Nature. Be in it. is pioneering a Nature School Holiday Program with wild play experiences which aim
to teach children about bush skills and the environment. Children build resilience, confidence and
STEM skills all while having a ball outside.

Dave talks with Kara Spence who says “Ask any adult their favourite childhood memory and 9 times out of 10 it will be outside without adults and being wild.”
Forest School, a proven inspirational process originating in Scandinavia, which offers many educational and
health benefits for childhood development. New sessions with Nature. Be in it. in the City of Hobart allows
working families to let their children experience free unstructured wild play in a natural bushland setting.
Options during the program will teach bush skills like building shelters, safely using a real pocket knife and
making things from natural resources.
Run in partnership with Greening Australia based from the Sustainability Learning Centre in Mount Nelson
from July 10 to July 19, check the website for times and dates. “The wild play movement is something that is
really taking off in the United States and UK, and we hope to encourage its growth here in Australia.” says
Nel Smit, education coordinator from Greening Australia.
Only 19% of Australian young people meet the national daily physical activity guidelines of 1 hour per day.
Getting children away from screens and off the couch is a real challenge for families in 2018. Yet an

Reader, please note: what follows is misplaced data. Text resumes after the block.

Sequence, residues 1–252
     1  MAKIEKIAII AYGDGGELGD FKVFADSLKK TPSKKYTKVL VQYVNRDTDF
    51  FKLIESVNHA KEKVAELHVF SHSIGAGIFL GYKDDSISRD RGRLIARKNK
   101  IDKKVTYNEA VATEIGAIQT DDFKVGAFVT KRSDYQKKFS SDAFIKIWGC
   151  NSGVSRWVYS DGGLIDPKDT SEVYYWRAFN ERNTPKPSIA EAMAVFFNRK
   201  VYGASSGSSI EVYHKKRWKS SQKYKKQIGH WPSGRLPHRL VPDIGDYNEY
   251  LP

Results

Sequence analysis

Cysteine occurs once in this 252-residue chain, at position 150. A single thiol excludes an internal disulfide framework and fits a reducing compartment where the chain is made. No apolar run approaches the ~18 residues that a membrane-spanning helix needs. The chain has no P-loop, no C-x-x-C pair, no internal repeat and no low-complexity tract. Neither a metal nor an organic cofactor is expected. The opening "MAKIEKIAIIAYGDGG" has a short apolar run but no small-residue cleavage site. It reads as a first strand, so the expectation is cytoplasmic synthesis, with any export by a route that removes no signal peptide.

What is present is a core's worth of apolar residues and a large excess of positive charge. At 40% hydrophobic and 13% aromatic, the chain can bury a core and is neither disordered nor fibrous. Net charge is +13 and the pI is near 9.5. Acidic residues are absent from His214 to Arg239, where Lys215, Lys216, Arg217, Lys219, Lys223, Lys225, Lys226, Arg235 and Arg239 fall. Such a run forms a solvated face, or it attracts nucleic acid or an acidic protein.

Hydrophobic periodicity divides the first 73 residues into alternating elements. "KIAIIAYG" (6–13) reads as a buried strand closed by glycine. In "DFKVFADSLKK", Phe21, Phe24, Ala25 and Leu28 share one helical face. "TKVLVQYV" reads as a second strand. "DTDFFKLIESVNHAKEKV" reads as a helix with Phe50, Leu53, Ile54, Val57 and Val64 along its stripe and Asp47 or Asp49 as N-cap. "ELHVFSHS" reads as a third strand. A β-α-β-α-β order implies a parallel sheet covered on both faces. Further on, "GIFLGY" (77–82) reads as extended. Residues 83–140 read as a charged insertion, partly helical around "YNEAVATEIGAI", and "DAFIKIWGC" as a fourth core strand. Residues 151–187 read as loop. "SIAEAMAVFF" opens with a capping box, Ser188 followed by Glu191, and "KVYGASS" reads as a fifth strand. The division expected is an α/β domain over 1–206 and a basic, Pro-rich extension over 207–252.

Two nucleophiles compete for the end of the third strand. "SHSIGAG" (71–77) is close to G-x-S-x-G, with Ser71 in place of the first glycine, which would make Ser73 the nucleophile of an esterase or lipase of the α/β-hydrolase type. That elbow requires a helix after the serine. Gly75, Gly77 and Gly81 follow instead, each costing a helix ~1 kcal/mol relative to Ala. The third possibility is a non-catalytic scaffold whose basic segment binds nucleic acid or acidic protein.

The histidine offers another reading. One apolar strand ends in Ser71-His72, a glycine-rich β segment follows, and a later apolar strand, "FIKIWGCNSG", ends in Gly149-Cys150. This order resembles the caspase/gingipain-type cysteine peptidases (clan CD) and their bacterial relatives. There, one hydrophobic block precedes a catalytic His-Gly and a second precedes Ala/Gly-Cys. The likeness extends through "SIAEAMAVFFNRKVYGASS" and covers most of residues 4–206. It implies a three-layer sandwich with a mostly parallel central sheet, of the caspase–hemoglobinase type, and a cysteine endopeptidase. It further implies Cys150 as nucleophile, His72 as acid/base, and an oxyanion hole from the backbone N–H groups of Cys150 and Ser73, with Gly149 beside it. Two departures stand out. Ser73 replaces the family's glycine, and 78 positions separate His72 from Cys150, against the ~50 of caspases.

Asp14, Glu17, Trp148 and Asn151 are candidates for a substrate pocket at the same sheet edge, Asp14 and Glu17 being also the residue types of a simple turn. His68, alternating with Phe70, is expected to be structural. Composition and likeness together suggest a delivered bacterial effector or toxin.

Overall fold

enormous amount of research in recent years has shown children in touch with nature and access to play
outdoors, benefit both physically and mentally. This is increasingly critical to our children’s development
needs in our increasingly urbanised environment.
More and more children are growing up without free unstructured play – without regular access to nature. We
need to value and integrate our public green spaces more within our busy lives. It is not just a matter of
choice, but a must for the health and wellbeing of our coming generations. It is important children connect
with nature when they are very young, to grow up with an appreciation for the natural environment. Kids can
start by exploring their local park, and then graduate to exploring true wild spaces in national parks in Australia and around the world. This will create an enduring relationship with nature that they will carry with
them for life and be advocates for ensuring a sustainable future.
Founder Kara Spence is one of the first certified Forest School Leaders in Tasmania and a practicing Primary
School Teacher and former Park Ranger, as well as a certified Nature and Forest Therapy Guide. Kara leads
children through invitations to play, introducing simple scientific and real tools and encouraging creativity and
imagination. Their experience with Kara is truly child led. You can join in for several days or a one-off
session.
“Children don’t realise they are learning, yet they are constantly challenging themselves with the weather,
building natural structures and working together to construct and create. This builds fine motor skills,
increases executive function, balance and so importantly, resilience by taking safe risks”, says Kara.
“When a child takes a risk they aren’t being reckless. They are making analytical decisions and shaping
pathways in the brain for skills needed to negotiate larger stressors.” Lisa Ford, Clinical Child Psychologist
If you don’t have children and would like to learn more about the joyful wonder of nature, try our Forest
Bathing walks which are specially designed by our nature-experts for adults and corporate teams.

About the ‘wild’ play movement:
There has been growing global recognition of the value of green space for children, since Richard Louv
published ‘Last Child in the Woods’ in 2005 www.richardlouv.com/books/last-child
www.childrenandnature.org/
• Leave no child inside: www.sierraclub.org/youth/